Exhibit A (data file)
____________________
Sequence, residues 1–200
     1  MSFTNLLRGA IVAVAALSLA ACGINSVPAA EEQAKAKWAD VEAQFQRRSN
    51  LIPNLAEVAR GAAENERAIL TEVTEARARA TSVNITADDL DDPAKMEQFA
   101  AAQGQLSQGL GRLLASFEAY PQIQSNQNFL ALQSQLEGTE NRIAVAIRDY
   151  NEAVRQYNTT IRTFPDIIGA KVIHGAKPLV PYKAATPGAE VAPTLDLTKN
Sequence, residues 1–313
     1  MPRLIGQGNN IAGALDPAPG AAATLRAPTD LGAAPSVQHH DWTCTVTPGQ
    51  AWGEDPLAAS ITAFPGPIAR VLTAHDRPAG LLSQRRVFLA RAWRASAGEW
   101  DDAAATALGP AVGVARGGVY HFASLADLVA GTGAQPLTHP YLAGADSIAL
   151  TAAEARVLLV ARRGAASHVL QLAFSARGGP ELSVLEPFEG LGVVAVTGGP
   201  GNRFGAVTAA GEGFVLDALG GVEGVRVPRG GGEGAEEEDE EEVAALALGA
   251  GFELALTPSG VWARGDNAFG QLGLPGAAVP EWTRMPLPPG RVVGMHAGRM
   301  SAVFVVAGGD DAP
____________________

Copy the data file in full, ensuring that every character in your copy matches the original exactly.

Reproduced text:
Sequence, residues 1–200
     1  MSFTNLLRGA IVAVAALSLA ACGINSVPAA EEQAKAKWAD VEAQFQRRSN
    51  LIPNLAEVAR GAAENERAIL TEVTEARARA TSVNITADDL DDPAKMEQFA
   101  AAQGQLSQGL GRLLASFEAY PQIQSNQNFL ALQSQLEGTE NRIAVAIRDY
   151  NEAVRQYNTT IRTFPDIIGA KVIHGAKPLV PYKAATPGAE VAPTLDLTKN
Sequence, residues 1–313
     1  MPRLIGQGNN IAGALDPAPG AAATLRAPTD LGAAPSVQHH DWTCTVTPGQ
    51  AWGEDPLAAS ITAFPGPIAR VLTAHDRPAG LLSQRRVFLA RAWRASAGEW
   101  DDAAATALGP AVGVARGGVY HFASLADLVA GTGAQPLTHP YLAGADSIAL
   151  TAAEARVLLV ARRGAASHVL QLAFSARGGP ELSVLEPFEG LGVVAVTGGP
   201  GNRFGAVTAA GEGFVLDALG GVEGVRVPRG GGEGAEEEDE EEVAALALGA
   251  GFELALTPSG VWARGDNAFG QLGLPGAAVP EWTRMPLPPG RVVGMHAGRM
   301  SAVFVVAGGD DAP